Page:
Adcock D, Duff S. Enhanced standardization of the International Normalized Ratio
through the use of plasma calibrants: a concise review. Blood Coagul Fibrinolysis.
2000; 11: 583–590.
Fairweather RB, Ansell J, van den Besselaar AM, et al. College of American
Pathologists Conference XXXI on laboratory monitoring anticoagulant therapy:
laboratory monitoring of oral anticoagulant therapy. Arch Pathol Lab Med.
1998; 122: 768–781.
Hirsh J, Poller L. The international normalized ratio. A guide to understanding
and correcting its problems. Arch Intern Med. 1994;154:282–288.
Loeliger EA, Poller L, Samama M, et al. Questions and answers on prothrombin
time standardisation in oral anticoagulant control. Thromb Haemost.
Dorothy M. Adcock, MD
Q. We use NCCLS standard H3-A4 (June 1998) for the order of draw of
venipuncture collections with multiple tubes. We are starting to change from
glass to plastic tubes, and the manufacturer has advised us that the order of
draw is different for plastic serum tubes. Has the NCCLS updated this standard?
Are there updated standards for those tests that are affected by using plastic
tubes instead of glass?
A. There are no updated NCCLS standards that address the impact
of plastic tubes on the order of draw or the analytes being measured. The order
of draw must be obtained from the manufacturer of the plastic tube collection
system that you use. For example, some manufacturers, like Becton, Dickinson
and Company, coat their plastic serum tubes with silica to activate coagulation.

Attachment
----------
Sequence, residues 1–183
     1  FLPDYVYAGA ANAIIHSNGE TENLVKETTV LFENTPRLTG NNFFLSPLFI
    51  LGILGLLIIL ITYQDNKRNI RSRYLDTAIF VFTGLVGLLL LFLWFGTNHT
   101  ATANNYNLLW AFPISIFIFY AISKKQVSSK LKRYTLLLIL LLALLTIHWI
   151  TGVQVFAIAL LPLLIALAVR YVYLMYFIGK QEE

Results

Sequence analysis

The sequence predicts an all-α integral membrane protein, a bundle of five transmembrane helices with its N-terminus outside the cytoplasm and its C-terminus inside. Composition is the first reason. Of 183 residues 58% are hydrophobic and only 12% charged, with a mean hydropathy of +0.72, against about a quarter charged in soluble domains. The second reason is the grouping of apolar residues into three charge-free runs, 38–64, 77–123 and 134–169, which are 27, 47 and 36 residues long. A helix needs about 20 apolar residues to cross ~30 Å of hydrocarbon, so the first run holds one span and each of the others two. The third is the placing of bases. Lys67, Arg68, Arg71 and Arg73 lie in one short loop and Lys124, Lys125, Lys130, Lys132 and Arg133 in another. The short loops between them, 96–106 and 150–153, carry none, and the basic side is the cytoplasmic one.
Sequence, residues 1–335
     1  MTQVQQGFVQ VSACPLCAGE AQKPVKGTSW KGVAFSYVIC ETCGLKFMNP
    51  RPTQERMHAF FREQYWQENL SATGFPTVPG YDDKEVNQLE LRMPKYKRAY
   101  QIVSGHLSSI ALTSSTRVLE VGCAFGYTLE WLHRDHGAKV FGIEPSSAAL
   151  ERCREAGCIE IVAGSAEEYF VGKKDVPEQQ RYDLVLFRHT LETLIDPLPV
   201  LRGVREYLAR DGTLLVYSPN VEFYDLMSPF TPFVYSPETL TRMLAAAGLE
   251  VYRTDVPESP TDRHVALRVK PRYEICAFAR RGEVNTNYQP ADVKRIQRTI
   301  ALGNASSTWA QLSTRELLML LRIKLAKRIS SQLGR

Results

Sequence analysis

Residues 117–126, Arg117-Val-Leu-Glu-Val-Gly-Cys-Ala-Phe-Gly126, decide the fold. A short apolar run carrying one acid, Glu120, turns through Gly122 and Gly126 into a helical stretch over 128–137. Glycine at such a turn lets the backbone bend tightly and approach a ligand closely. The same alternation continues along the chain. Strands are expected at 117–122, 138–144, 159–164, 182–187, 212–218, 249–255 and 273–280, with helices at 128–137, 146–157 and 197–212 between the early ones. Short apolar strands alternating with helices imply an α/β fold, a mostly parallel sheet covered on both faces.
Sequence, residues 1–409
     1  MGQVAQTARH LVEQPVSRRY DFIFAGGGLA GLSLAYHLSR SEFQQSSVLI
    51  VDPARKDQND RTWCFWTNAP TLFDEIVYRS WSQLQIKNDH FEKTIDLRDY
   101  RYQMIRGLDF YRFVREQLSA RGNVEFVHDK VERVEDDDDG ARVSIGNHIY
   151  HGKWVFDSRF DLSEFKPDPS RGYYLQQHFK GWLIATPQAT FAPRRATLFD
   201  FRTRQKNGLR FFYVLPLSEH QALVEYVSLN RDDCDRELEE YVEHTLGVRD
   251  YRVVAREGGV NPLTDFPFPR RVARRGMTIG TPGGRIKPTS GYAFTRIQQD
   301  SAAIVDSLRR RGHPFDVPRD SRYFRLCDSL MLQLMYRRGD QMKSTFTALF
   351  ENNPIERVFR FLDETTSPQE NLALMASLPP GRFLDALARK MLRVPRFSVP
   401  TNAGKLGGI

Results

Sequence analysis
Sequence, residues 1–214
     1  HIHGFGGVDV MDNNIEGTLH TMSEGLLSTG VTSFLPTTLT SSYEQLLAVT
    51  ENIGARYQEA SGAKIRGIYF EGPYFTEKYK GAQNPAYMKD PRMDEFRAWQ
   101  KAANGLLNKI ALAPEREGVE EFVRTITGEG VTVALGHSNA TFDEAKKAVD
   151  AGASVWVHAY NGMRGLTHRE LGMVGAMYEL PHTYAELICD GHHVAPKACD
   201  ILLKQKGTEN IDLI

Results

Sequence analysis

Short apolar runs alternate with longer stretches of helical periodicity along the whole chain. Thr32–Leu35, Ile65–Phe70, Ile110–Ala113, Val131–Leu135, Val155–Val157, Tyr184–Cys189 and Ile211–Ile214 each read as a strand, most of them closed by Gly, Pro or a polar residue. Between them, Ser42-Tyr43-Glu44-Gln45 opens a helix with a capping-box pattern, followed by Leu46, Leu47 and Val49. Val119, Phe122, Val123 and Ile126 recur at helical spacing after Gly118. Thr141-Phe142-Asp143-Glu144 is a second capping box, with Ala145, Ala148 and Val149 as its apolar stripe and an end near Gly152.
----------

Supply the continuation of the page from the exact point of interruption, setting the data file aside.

In this case, the citrated (blue top) tube should be drawn before the plastic
tube to ensure that silica is not inadvertently introduced into the citrated
tube, thereby confounding the result of the prothrombin time/partial thromboplastin
With regard to the effect of plastic tubes on particular analytes, CAP Laboratory
General checklist question GEN.40942 recommends that individual laboratories
determine if specimen containers contribute to analytical interference in the
assays they perform. Labs should make this determination using a combination
of literature review, analysis of manufacturer information, and direct testing.
Manufacturers should provide information to help laboratories make the transition
from glass to plastic containers. However, laboratories are responsible for
deciding which tests are most appropriate for plastic collection tubes.
Robert Makar, MD, PhD
Fellow in Transfusion Medicine
Blood Transfusion Service
Massachusetts General Hospital
Junior Member, CAP
Coagulation Resource Committee
Q. Our very small facility provides care for a large rural area that
runs from the Black Hills to Yellowstone, which means we serve local residents
as well as tourists. We have our share of emergency visits for chest pain and
other ailments, and our physicians are asking for B-type natriuretic peptide
results. What is the most cost-efficient testing for BNP?
A. To provide real-time BNP results in an outpatient clinic setting, especially
for tourists who may need acute care and possibly hospitalization, the only
point-of-care testing option is the Biosite BNP assay. Biosite recently released
its Triage Cardio ProfilER system that provides a 15-minute result turnaround
time for BNP, cardiac troponin I, creatine kinase-MB, and myoglobin on the Triage
MeterPlus testing platform. BNP analysis can also be performed separately. Only
a few drops of whole blood are needed.
Bayer and Roche have larger platforms to measure BNP and N-terminal-proBNP,
respectively, that can also provide turnaround times of less than 15 minutes.
The cost per test is competitive for all three BNP assays.
We use the Biosite BNP assay in our emergency department. In this point-of-care
setting, the test helps us triage patients, manage therapy, and assess risk.
Fred Apple, PhD
Medical Director, Clinical Laboratories
Hennepin County Medical Center
Professor, Laboratory Medicine
University of Minnesota
School of Medicine